Hit the Trail: Five Great Hikes to Explore in the New Year

With the New Year comes new opportunity for adventure. Where will your wanderlust take you in the coming months? We asked five MSR reps to divulge their favorite hikes—near or far—to get your bucket list off to a great start. Make these treks part of your new year’s resolution and make this year one for the books.


Skyline Trail, Jasper National Park, Alberta, Canada

By MSR rep Rachael Wellwood

The Skyline Trail is one of the Canadian Rockies’ most stunning and iconic trails, boasting big climbs over three passes and some 25 kms of trail above treeline. The south end runs through alpine meadows and much of the north end carries on atop long ridges. The vast alpine carpets show off many flower varieties and colors I simply haven’t seen elsewhere. Creeks, streams and waterfalls are so frequent you could likely hike with only a mug and water filter and never find yourself thirsty. Mountain goats, marmots and picas are abundant, and the range is home to a woodland caribou herd. With over half the 45 km, hard-packed trail above treeline, the Skyline offers wideopen views of the surrounding majestic mountain ranges. The best months are July and August.


Mt. Giant in the Adirondacks, New York

By MSR rep Dave Martineau

Known as “Giant of the Valley” thanks to its looming presence over New York’s Keene Valley, Mt. Giant is the 12th highest peak in the High Peaks Region of Adirondacks. I keep coming back to this hike for the jaw-dropping views of the surrounding peaks, such as Mt. Marcy and the Great Range. Three main trails access the summit of Mt. Giant. The two most popular are the Roaring Brook trail and the Zander Scott Trail, which climb southern ridge and can be done as day hikes. During the summer there is some minor scrambling, but not many water sources, so make sure to bring plenty for the rugged, all-day hike.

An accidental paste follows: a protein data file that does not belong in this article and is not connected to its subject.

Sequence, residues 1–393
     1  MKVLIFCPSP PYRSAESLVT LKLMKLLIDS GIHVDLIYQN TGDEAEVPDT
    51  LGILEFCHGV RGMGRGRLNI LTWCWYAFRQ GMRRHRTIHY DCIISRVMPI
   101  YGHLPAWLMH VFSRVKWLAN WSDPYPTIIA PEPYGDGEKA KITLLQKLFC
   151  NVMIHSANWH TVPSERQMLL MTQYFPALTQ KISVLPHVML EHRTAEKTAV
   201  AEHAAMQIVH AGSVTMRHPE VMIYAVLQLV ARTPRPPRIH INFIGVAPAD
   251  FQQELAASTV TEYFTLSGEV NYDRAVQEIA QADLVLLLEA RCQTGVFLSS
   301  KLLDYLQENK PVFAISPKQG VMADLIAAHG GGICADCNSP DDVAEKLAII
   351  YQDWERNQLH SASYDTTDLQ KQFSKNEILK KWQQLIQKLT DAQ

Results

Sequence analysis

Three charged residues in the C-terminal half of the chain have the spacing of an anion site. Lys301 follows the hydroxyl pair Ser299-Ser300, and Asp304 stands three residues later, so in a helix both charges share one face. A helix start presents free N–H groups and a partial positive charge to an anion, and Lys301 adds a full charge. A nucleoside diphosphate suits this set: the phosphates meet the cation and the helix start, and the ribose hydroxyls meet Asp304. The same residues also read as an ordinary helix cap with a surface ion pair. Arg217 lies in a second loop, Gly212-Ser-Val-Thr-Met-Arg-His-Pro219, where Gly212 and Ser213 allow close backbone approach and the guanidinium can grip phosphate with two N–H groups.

3 Scotsdale Farm on the Bruce Trail, Ontario, Canada
By MSR rep Barbara Sehn
Photo courtesy of Friends of Scotsdale Farm

The oldest and longest hiking trail in Canada, the Bruce Trail runs from Niagara Falls though Southern Ontario, down to the tip of the Bruce Peninsula at Tobermory, Ontario. Nearly 440 km of side trails branch off and loop around historical landmarks and beautiful overlooks, and Scotsdale Farm is by far my favorite of these.

The Scotsdale Farm side trail traverses conservation area land in farm country northwest of Toronto. It winds its way through prairies, old growth, cedar forests, swamps and marshes. As you hike, you’ll cross streams and catch views of small waterfalls. The trail navigates rocks and roots for as much as 14 km.

Fall is a beautiful time here, but the colors pop all year round. In the winter, the purple branches from sumac poke through the layers of snow, and in the spring myriad colors erupt up as the weather warms. We stay away in summer though, when the bugs are thick.

Though this hike is easily accessed, we rarely see anyone else on the trail. I can stop to listen to the water trickle over the rocks and peer over the bridges into the shallow depths too see the small fish.


An Teallach Traverse, Northwest Scotland

By MSR reps Matt Moore and Lawrence Friell 

The remote location and magnificent scenery of Scotland’s famed An Teallach Mountain offers a trekking experience like nothing else. We believe An Teallach is one of Scotland’s most beautiful and challenging alpine pursuits. The traverse runs along a ridgeline that features extensive of scrambling and quite a bit of exposure, all while you take the mountain’s steep gullies and sharp rocky crest. It’s challenging day for those exploring her summits. This zone may be pursued any time of the year, but winter becomes a serious mountaineering proposition.


Sleeping Bear Dunes National Lakeshore, Michigan—Dune Climb to Sleeping Bear Bay Loop

By MSR rep Mike Kennedy

Offering some the best views of Lake Michigan, this afternoon loop is so close, yet feels so far thanks to its quiet solitude. It’s literally a walk in the park—a national park—but because the trail is mostly sand, it’s no breezy stroll. As you hike past beautiful sand dune formations, you’ll catch views of the wind-whipped Manitou Islands.

Here’s how to make a great day out of it:

Leave a car at the Sleeping Bear Point Coast Guard Station Maritime Museum and ride your bike to the Dune Climb parking lot (lock your bike). Before you is a great 5ish mile hike: head up the dune trail to the beach, then north along the water. Swing around the point, heading east until you get back to the Maritime Museum.